I’ve been in thrall to the Bay of Fundy ever since I decided (in about 1970) to do my dissertation research in Nova Scotia. In 1972 we moved into a house at Horton Landing, right on the very shore of an arm of the Bay, where the tides were 35+ feet and the low-tide mud was a distinctive red-brown. The energy of Fundy truly boggles any mind that considers it, and people have been scheming schemes to capture that energy since, well, pretty much forever. The First Nations folks who were the first inhabitants of the landscapes around the Bay told stories about the Beavers who tried to dam Fundy, and the culture hero Glooscap who smashed their dams; and so it is with any later folk who have tried to steal Fundy’s energy: turbines are crumpled, silt is deposited in unpredicted places, and sadder and wiser Beavers retreat to scheme again. Will those tides ever be “harnessed” or will Glooscap return to sort things out?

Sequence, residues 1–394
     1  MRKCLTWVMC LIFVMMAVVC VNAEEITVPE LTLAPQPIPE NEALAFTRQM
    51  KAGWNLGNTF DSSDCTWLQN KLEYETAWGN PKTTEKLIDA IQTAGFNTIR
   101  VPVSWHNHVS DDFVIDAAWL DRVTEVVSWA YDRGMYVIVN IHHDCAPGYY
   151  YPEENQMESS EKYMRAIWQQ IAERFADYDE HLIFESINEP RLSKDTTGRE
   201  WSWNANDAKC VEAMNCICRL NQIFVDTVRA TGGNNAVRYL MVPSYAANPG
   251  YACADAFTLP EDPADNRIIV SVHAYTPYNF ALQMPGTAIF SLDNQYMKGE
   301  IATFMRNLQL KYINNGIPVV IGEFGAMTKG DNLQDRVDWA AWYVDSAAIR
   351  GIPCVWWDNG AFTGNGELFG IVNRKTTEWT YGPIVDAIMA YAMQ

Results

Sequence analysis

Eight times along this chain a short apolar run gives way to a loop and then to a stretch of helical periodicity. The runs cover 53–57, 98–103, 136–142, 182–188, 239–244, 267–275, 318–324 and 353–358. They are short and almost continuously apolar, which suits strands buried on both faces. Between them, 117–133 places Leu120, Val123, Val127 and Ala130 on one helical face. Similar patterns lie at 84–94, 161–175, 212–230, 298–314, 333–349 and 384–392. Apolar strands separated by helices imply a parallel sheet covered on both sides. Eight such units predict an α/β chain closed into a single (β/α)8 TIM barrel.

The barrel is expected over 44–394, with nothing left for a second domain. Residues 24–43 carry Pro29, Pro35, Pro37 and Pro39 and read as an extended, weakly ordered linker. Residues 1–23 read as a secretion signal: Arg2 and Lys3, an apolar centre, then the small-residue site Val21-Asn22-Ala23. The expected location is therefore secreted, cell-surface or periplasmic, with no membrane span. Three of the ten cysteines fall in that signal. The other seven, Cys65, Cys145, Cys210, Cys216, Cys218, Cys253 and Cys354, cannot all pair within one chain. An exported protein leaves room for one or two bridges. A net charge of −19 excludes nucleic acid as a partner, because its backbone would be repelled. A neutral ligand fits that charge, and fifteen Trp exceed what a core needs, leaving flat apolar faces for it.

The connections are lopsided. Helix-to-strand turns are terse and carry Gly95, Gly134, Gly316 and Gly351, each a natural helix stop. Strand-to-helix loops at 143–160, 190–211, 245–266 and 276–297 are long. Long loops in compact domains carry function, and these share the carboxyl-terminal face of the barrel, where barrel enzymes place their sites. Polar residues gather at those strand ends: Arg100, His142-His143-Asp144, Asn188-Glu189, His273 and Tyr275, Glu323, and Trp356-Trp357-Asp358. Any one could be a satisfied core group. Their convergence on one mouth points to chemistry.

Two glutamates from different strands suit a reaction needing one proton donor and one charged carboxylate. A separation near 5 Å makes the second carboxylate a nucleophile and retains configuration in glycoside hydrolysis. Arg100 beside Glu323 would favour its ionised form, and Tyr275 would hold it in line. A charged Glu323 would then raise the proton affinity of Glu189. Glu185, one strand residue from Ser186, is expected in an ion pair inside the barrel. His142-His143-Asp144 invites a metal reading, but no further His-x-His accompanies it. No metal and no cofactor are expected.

On the latest trip to Nova Scotia we stopped at the Clarence Gosse Bridge over the Shubenacadie River, a structure with its own tales of Beaver hubris. Built in 1979 and an early example of its type (a pre-stressed concrete box girder bridge, the two sections meeting in the middle, said by some to be “the world’s first cantilever bridge”), by the early 1980s its smooth curve was disrupted by subsidence at the center join –the engineers hadn’t reckoned with the sheer power of the tides and/or the depth of the mud. There’s a thump from every wheel that crosses.
From the observation point on the river bank one sees the power of Fundy in several ways. There’s a tidal bore that attracts rafters and kayakers (though I’ve never seen it there myself), and the old piers of the (now-vanished) railroad bridge are impressively eroded. At low tide you see almost nothing but red mud with a trickle of the Shubenacadie at the very bottom; just before high tide the incoming river is impressively wide. This trip I looked down and saw the swirling of mixed silty and clearer waters, and tried to capture it with the camera: